Teri graciously hosted dinner at her house our first night there. This is the view of the moon from her driveway. She has a beautiful house. I wish I’d taken more pictures, but it was dark and I was socializing.
We went on a tour of the stock center. This is one of the rooms, full of vials of flies – I don’t remember which group of flies these are. While broadly (and this comes from a microbiologist, remember,) Drosophila all like the same environmental conditions, if you want to keep happy strains in a stock center, you have to have rooms with different temperatures, humidities, etc.
We also took a field trip to collect desert Drosophila. First stop: a giant fallen saguaro cactus. Of course, you must have a machete if you want to collect the desert fruit flies, and we had several, so we caught many.
I tried to find more Drosophila on other cacti (there were many species nearby) but I couldn’t find any. Most of the other dead/decaying ones were very dry. Only the saguaro was appropriately funkified.
Next stop: somewhere in town, near Sergio’s house, I think. We got to see how Sergio traps flies. Choosing the best fly-trapping technique is dependent on all sorts of things, so there’s no one right way to do it, but this method sure did work very well here. That 2-liter bottle is wrapped with some adhesive paper to cover a hole so that the flies cannot escape. If you look closely, you can see many many flies inside the bottle.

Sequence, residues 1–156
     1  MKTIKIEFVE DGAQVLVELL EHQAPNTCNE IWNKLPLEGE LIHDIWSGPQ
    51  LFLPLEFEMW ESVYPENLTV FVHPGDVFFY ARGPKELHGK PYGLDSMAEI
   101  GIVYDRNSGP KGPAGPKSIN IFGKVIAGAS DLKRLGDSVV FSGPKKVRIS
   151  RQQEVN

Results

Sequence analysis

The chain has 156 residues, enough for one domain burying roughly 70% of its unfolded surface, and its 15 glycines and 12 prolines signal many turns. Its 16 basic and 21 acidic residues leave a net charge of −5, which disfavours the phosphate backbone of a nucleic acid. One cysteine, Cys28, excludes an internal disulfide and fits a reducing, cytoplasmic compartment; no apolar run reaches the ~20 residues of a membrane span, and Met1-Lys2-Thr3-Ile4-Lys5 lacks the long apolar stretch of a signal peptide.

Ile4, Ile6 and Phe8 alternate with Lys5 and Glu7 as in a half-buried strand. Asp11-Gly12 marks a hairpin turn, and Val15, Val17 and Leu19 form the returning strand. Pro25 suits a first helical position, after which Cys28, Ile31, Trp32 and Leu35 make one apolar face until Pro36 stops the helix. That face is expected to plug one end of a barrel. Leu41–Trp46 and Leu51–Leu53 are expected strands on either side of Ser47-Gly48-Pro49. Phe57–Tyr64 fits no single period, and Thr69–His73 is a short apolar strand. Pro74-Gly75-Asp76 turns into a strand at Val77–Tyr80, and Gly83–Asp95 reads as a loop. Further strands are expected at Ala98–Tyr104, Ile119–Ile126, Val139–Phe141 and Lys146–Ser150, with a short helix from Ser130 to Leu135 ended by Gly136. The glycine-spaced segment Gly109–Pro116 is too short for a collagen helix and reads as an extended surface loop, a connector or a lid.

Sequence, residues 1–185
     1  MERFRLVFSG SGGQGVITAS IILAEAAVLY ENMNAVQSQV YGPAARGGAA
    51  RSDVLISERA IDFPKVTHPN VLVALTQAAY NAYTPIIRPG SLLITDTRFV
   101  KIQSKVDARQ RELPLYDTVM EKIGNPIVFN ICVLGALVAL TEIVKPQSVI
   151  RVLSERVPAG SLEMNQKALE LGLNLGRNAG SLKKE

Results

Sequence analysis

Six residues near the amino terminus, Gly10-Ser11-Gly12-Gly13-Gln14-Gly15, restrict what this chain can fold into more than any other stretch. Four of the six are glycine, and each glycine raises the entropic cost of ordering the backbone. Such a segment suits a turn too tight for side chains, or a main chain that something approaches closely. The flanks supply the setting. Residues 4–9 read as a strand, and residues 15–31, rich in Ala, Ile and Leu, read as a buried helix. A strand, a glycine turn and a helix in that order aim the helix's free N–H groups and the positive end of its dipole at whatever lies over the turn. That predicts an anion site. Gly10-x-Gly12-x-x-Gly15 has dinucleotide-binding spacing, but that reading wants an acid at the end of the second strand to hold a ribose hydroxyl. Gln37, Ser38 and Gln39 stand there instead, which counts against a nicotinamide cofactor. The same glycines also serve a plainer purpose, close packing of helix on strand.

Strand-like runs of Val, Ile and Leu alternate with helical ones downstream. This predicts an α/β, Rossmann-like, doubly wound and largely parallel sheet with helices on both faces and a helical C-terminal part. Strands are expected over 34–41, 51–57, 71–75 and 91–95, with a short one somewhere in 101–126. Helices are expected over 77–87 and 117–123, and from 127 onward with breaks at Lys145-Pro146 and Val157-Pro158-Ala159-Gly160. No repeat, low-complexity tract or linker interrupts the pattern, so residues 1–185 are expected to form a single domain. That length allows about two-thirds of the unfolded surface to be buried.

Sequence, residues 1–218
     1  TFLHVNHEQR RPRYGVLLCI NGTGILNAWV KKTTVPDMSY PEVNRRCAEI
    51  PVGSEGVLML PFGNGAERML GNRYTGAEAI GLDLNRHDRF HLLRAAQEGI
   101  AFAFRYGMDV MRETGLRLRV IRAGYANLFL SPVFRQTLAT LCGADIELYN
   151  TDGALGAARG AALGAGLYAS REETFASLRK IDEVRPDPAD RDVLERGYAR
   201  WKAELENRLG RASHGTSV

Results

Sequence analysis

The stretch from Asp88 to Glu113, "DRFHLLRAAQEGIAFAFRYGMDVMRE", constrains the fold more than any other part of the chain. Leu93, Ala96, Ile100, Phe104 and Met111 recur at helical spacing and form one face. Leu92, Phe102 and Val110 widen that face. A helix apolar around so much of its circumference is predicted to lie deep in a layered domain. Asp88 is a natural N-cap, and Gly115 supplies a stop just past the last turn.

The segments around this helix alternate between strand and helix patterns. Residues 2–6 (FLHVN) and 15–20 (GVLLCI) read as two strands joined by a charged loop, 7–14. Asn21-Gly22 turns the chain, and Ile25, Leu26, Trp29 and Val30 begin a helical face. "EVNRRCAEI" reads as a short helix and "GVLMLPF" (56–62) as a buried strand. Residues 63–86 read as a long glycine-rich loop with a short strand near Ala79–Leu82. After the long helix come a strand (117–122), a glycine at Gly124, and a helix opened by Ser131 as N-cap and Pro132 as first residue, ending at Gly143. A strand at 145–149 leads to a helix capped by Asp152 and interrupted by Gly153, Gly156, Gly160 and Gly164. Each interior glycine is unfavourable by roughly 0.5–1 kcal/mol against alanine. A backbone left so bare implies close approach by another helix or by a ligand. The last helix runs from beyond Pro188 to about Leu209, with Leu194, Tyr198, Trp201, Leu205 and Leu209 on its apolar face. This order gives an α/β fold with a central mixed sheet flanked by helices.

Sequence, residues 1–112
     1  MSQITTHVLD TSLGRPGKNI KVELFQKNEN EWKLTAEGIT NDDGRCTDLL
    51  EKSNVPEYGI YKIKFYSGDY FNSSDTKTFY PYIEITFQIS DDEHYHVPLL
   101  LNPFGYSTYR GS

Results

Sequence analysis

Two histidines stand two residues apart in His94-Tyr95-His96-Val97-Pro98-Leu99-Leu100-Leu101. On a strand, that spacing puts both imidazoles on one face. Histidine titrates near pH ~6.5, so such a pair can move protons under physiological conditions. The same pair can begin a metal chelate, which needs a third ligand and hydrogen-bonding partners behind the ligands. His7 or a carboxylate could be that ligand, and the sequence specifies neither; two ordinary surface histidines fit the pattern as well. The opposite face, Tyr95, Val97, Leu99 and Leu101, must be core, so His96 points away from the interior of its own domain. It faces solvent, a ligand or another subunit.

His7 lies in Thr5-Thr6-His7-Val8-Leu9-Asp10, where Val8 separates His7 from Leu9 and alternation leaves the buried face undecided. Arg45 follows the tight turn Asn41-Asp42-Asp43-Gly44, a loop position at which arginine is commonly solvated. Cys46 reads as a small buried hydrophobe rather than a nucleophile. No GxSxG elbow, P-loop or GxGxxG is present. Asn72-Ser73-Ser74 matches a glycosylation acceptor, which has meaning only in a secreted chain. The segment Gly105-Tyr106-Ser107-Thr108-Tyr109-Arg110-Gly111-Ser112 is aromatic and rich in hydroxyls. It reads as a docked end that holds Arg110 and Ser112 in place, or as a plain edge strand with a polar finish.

We also collected at a few similar traps, containing different sorts of bait at Stacy’s house. My favorite catch there, though, was this praying mantis. I used to see a lot of these as a child in North Carolina, but don’t think I’ve seen one since, so this was particularly nice. Thanks to Aneil for posing with the beastie for me.
There was this sculpture at the entrance to the building where the workshop was held that was such a joy to view each morning (and I say that with a Martha Stewart accent, for those who know.) Truly, it was a joyous celebration of science and scientists. (OK, I’m done now.)
Here’s a chunk of it that has our friend, Drosophila (we’ll assume melanogaster), a DNA double helix, a cactus, a mushroom, cross-section of some plant tissue, and there’s an enzyme-substrate complex over there to the right.
My favorite part (I think) is these two lab-coat guys pulling apart the dividing cells. (But, I took pictures of each part of the sculpture if you want to check out a different one, just let me know.)